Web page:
|Uppsala, Falun—Torbern Bergman, Carl Wilhelm Scheele, Johan Gottlieb Gahn elements|
Torbern Bergman investigated pyrolusite, a mineral containing manganese dioxide, distinguishing it from known elements including lime and magnesia alba, but was unable to isolate the element. His friend Carl Wilhelm Scheele used pyrolusite, as an oxydizing agent to produce chlorine and knew it contained a new element, giving it the name maganese, but was also unable to isolate it. Johan Gottlieb Gahn, Bergman’s former assistant, was able to isolate the element from the mineral by reducing the dioxide with carbon to obtain this hard brittle silvery metal.
Atomic number 25
Pyrolusite, also known as magnesia negra, was found, like magnesium ore, in Magnesia, and was used as a pigment in cave paintings and to remove color from glass. * Manganese ores are pyrolusite, braunite, psilomelane, and rhodochrosite. Manganese minerals include manganite, purpurite, and rhodonite, and manganese occurs in the iron ore spiegeleisen. * Manganese occurs naturally in some iron ores, particularly ores used to make Spartan steel in Greece, which made it stronger but not more brittle and led to widespread use in steels. * A small amount of manganese is alloyed with aluminum to make aluminum cans. A manganese compound replaces lead in gasoline to reduce engine knocking. * Manganese is a required trace mineral, a cofactor in many enzymes. Manganese dioxide is used as a cathode in batteries, and a manganese phosphate coating on steel prevents corrosion and rust.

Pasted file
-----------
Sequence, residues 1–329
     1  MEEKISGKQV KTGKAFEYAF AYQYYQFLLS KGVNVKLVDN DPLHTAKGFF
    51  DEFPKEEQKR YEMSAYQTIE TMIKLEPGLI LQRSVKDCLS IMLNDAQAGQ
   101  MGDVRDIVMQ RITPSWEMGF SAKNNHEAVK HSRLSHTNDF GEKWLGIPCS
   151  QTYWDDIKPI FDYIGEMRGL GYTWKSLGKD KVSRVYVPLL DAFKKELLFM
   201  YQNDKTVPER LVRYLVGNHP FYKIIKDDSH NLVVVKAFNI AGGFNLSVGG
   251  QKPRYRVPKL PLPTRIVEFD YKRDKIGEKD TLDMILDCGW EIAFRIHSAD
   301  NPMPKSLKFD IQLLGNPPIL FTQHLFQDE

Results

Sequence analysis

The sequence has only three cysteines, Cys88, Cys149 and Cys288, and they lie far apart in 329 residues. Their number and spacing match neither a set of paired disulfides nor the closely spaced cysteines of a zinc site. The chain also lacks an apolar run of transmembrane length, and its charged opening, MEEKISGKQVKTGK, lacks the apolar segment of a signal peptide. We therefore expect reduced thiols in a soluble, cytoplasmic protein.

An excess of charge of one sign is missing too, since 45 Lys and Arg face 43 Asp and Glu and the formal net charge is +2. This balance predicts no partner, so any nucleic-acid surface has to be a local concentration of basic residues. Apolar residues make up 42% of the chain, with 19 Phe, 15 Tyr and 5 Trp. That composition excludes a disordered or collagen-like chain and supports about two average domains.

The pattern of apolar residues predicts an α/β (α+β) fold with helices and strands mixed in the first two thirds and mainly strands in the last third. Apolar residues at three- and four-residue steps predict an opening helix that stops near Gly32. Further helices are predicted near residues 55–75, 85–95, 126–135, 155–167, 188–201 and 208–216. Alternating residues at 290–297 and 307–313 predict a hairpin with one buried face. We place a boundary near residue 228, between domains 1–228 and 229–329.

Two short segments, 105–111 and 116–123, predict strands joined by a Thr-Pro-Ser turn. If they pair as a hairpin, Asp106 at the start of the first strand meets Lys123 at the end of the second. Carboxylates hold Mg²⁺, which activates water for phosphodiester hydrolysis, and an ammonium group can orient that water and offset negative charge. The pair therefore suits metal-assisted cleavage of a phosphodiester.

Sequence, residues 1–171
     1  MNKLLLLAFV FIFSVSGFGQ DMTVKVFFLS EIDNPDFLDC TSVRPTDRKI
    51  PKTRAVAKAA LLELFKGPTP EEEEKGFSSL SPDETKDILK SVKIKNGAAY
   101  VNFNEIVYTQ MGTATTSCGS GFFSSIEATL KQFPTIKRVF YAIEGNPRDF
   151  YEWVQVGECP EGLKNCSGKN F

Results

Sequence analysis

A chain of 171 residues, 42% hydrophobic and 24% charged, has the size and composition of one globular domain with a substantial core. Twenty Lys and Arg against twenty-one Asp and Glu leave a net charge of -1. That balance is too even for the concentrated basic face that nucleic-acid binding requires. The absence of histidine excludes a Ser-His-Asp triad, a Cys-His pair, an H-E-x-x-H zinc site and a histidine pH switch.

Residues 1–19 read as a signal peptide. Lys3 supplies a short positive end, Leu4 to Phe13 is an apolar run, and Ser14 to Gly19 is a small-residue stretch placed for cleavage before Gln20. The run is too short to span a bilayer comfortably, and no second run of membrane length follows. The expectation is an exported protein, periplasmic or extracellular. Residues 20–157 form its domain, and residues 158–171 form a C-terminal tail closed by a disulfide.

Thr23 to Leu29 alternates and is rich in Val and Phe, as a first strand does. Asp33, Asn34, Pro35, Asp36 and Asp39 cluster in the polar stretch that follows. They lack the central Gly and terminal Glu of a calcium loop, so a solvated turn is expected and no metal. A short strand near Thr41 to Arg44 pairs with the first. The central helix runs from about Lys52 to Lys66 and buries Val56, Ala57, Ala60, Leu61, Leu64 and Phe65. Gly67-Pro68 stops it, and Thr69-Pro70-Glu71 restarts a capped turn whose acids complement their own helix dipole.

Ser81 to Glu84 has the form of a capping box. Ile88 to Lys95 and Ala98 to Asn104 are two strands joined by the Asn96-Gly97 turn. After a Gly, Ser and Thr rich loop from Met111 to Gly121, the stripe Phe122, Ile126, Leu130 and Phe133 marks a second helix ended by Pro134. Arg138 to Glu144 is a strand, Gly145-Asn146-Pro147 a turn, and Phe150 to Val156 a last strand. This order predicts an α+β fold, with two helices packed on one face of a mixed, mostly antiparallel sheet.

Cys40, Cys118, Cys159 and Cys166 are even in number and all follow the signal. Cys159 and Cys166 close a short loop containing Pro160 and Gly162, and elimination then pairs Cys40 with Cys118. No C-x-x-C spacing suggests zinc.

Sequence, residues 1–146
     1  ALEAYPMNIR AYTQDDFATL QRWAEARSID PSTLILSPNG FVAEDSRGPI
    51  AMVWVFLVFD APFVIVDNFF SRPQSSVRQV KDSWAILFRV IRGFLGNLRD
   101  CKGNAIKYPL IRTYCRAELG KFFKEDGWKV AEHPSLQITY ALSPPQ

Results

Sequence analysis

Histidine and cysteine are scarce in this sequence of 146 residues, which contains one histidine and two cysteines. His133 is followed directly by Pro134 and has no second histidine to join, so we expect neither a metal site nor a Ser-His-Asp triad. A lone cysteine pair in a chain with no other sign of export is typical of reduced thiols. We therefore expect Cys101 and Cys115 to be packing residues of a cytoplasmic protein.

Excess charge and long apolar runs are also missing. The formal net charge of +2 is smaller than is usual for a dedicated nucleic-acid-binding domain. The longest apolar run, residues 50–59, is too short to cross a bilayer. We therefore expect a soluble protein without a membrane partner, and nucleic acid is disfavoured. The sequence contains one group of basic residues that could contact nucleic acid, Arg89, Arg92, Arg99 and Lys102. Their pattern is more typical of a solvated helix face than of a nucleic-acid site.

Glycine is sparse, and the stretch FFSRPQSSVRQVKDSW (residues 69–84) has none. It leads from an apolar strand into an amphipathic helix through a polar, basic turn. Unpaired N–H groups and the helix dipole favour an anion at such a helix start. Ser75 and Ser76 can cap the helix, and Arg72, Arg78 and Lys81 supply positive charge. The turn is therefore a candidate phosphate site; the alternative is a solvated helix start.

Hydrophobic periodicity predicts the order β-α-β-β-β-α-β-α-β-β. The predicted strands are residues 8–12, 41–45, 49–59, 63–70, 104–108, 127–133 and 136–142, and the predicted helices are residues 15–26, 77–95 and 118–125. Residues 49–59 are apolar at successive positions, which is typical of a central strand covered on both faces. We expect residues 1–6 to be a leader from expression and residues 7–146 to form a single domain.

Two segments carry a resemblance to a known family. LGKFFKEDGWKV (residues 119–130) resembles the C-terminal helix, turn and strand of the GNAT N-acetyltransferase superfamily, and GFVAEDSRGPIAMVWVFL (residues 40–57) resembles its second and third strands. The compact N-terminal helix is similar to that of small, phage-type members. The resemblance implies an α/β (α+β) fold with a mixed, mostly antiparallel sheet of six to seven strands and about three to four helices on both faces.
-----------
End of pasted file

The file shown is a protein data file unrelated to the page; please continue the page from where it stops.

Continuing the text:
Chronic overexposure to manganese results in physical and psychiatric disturbances, and maybe vocabulary confusion. Manganism is totally unrelated to the effects of Japanese comic books, manga, and has nothing to do with the mangonel, a kind of catapult, or magnetite, magnets, magnetism, or magnesium, just becauses their ores and lodestones were found in Magnesia. You are in no danger of contracting the syndrome by overeating mangos, or by swallowing too much milk of magnesia, or by being magnanimous, or having more than one manager, or seeing babies in mangers. The first three letters of manganism are not a prefix; the syndrome is unrelated to the male gender, specifically. Manganese is not a language spoken near Rio Manga in Honduras. But we are beginning to suspect that in many cases manganism is undiagnosed due to the rareness of the condition.